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Jesus looked at him and loved him. “One thing you lack,” he said. “Go, sell everything you have and give to the poor, and you will have treasure in heaven. Then come, follow me.” At this the man’s face fell. He went away sad, because he had great wealth. –
Mark 10:21-22

As with many familiar stories, it is easy to miss the main point of this account about the one whom we know as “The Rich Young Ruler.”

This man appeared to have everything: youth, wealth, religion, and position. Yet he still had an empty place in his heart. He eagerly ran to Jesus to ask what he should do to inherit eternal life. Did he have the wisdom to realize that the things that appeared to bless him above other men were all temporary?

Youth will always pass with the passing of time. Thieves can steal wealth. Religion and position, while appearing to be helpful, did not satisfy the deepest yearnings of his heart.

Matthew’s account even says he was the one who raised the question, “What do I still lack?” (Matthew 19:20). He had a “felt need” – but, like Naaman, what he “felt” was not what Jesus said he needed.

What ‘One Thing’ Did the Young Man Lack?

What he was lacking was not generosity to the poor. As an obedient son of the Law, he was doubtless giving much of his wealth to the poor already. His problem was that the Law, without God in his heart, was an inadequate guide and useless Comforter.

What most expositors of this account focus on is the same thing the disciples focused on – Jesus’ instruction to sell what he had and give to the poor. This, however, is not the main point of what Jesus said. It would have been possible for the young man to sell all he had to give to the poor and still gain nothing. At least that is what Paul wrote in 1 Corinthians 13:3.

If I give all I possess to the poor and surrender my body to the flames, but have not love, I gain nothing.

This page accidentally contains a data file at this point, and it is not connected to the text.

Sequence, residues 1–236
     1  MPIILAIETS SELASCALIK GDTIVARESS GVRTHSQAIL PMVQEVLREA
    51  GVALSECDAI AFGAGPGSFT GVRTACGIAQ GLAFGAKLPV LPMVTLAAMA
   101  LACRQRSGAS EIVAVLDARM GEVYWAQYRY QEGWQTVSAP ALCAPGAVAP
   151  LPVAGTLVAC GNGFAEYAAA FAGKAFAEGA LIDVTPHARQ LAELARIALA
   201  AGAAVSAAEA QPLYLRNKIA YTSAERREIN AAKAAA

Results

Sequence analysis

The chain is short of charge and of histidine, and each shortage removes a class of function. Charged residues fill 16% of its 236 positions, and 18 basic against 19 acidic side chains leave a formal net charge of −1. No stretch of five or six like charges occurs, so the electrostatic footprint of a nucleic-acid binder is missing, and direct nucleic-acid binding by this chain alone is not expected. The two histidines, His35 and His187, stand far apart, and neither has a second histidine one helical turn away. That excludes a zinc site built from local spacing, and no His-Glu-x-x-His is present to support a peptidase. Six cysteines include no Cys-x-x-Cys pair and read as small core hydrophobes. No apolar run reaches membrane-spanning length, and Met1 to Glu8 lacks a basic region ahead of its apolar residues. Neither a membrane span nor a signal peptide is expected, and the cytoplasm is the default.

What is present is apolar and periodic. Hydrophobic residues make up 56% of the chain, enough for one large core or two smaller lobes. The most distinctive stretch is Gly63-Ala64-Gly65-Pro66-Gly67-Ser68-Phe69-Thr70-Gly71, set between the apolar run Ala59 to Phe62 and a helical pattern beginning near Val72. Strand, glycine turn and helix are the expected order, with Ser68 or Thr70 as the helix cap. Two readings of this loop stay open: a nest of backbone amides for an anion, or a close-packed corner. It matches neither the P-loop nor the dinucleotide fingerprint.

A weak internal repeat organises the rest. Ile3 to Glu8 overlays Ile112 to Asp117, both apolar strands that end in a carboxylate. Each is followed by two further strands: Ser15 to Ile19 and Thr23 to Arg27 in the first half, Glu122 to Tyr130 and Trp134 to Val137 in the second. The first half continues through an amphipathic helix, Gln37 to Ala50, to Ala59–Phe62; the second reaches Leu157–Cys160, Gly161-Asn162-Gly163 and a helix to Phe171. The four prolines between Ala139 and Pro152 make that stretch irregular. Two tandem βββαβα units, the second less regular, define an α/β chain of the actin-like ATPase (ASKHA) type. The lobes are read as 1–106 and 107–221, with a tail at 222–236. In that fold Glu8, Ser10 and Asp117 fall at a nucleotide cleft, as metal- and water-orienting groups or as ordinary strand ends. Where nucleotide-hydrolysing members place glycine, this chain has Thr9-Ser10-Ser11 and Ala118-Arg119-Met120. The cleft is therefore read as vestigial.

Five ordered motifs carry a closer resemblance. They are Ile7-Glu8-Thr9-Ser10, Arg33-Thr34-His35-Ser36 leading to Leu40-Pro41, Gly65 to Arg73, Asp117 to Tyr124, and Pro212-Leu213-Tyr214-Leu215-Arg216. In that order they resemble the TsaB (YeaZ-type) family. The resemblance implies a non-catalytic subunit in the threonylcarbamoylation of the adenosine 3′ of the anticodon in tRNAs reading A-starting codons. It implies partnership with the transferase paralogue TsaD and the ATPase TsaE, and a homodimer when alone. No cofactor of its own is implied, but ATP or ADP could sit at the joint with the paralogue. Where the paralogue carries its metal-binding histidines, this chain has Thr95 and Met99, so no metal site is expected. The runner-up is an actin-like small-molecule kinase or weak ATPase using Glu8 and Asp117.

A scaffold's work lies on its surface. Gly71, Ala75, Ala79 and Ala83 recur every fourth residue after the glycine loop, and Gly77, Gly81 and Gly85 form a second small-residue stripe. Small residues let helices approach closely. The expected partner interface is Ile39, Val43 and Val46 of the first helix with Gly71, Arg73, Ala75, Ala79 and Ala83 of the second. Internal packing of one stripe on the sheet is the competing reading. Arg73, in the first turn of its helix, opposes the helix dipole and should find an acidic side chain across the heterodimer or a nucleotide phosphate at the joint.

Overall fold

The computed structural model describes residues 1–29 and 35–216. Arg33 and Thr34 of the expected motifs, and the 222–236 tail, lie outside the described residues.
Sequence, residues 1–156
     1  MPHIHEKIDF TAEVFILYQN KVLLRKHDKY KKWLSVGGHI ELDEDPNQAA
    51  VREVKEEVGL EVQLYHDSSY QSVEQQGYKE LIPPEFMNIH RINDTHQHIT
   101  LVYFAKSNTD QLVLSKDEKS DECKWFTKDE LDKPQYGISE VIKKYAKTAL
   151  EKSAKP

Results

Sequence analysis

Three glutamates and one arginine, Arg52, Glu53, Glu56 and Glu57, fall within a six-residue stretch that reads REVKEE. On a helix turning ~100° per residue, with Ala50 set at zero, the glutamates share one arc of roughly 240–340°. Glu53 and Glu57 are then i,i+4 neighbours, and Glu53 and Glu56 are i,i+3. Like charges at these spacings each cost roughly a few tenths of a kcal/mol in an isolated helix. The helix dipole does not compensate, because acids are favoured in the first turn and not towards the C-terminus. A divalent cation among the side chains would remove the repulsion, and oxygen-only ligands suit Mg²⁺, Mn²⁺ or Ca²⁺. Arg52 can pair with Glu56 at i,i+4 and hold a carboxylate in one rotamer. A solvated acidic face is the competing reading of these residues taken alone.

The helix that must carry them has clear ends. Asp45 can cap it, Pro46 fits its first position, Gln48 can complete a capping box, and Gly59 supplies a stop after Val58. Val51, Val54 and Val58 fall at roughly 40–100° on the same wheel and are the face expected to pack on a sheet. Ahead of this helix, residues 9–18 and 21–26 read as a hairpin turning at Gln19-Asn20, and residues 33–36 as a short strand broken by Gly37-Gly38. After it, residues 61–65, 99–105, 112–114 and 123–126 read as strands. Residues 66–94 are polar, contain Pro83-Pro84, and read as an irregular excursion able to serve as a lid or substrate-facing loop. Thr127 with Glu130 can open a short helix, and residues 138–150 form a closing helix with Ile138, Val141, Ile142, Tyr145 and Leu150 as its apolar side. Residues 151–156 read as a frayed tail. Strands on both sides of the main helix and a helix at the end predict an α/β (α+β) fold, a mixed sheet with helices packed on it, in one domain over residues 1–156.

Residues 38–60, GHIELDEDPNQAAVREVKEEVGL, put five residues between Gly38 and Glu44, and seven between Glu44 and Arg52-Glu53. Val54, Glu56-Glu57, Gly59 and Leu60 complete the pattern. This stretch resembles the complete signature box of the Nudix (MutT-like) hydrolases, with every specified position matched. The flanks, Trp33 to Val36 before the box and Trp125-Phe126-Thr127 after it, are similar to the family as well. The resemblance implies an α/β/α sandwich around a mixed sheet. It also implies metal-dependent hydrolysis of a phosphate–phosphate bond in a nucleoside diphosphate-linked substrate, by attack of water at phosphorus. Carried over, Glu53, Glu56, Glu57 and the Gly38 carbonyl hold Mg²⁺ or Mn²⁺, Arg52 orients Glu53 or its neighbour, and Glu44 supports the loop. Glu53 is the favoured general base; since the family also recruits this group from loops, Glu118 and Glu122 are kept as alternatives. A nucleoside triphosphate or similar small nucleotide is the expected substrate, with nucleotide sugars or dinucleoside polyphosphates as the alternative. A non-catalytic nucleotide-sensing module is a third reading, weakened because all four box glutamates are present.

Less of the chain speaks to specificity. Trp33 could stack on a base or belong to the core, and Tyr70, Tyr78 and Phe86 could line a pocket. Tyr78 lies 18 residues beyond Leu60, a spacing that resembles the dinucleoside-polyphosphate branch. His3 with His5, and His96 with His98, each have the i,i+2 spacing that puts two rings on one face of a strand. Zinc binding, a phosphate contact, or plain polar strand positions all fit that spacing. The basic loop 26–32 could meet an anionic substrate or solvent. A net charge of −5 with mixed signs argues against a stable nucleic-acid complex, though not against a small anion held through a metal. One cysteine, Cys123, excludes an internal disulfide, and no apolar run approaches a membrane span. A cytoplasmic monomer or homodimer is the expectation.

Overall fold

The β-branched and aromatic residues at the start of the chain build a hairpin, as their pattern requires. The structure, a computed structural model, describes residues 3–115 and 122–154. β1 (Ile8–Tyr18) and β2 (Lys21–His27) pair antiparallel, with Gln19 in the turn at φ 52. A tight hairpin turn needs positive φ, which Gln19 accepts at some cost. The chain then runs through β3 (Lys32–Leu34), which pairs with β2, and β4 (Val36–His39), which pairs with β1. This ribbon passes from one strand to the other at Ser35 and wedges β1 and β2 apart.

Jesus’ main point was “Come, follow me.” The rich, young man needed to follow Jesus. That is what was lacking. This is something that mere obedience to the commands of law – of any law – could never provide. Law can condemn; it cannot set us free. It is only by following Jesus and holding to His teachings that we are His real disciples. Then, Truth will set you free, and “If the Son [who said, “I am…Truth,” John 14:6, JS] sets you free, you will be free indeed” (John 8:36; see also vv. 31ff).

It is for freedom that Christ has set us free. Stand firm, then, and do not let yourselves be burdened again by a yoke of slavery….

You, my brothers, were called to be free. But do not use your freedom to indulge the sinful nature [the flesh, JS]; rather, serve one another in love. The entire law is summed up in a single command: “Love your neighbor as yourself.” – Galatians 5:1, 13-14 (NIV)

Being rich was not the young man’s problem. His problem was that he was not a man after God’s own heart, as was David. How could he become what he needed to be? It would only be by following Jesus that he could find the love for neighbor that transforms alms-giving into beneficence.

What Do I Still Lack?

Ultimately, the answer to the question of what is still lacking in me – or any other person – is that I must follow Jesus, humbly and trustingly. Until I begin to follow Him, I am still lacking. In Him, I find what is missing in my heart and life.

Too many times, I look at the cost of following Jesus – the riches I must give away. I fail to see the cost of not following Him. I do not see what I gain when I come after Him and follow Him. Only when I consider both sides of this – what I give up and what I gain – can I truly “count the cost” of being His disciple.

Someone said, “It is no loss to give up what I cannot keep in order to gain what I cannot lose.”

Sadly, the youth who came so eagerly to Jesus for an answer to his urgent question walked away because he judged that the cost was too great. He had great wealth, but he was not willing to surrender it to follow Jesus. He expressed great confidence in Jesus – but was unwilling to act on his own confession.

Intellectually, I can confess Jesus as well. Am I willing to act on that confession without reservation? Until I am willing to do that, I will still be lacking as well.

I will lack the only thing that really matters – Jesus Christ as my guide, confidant, and Savior.


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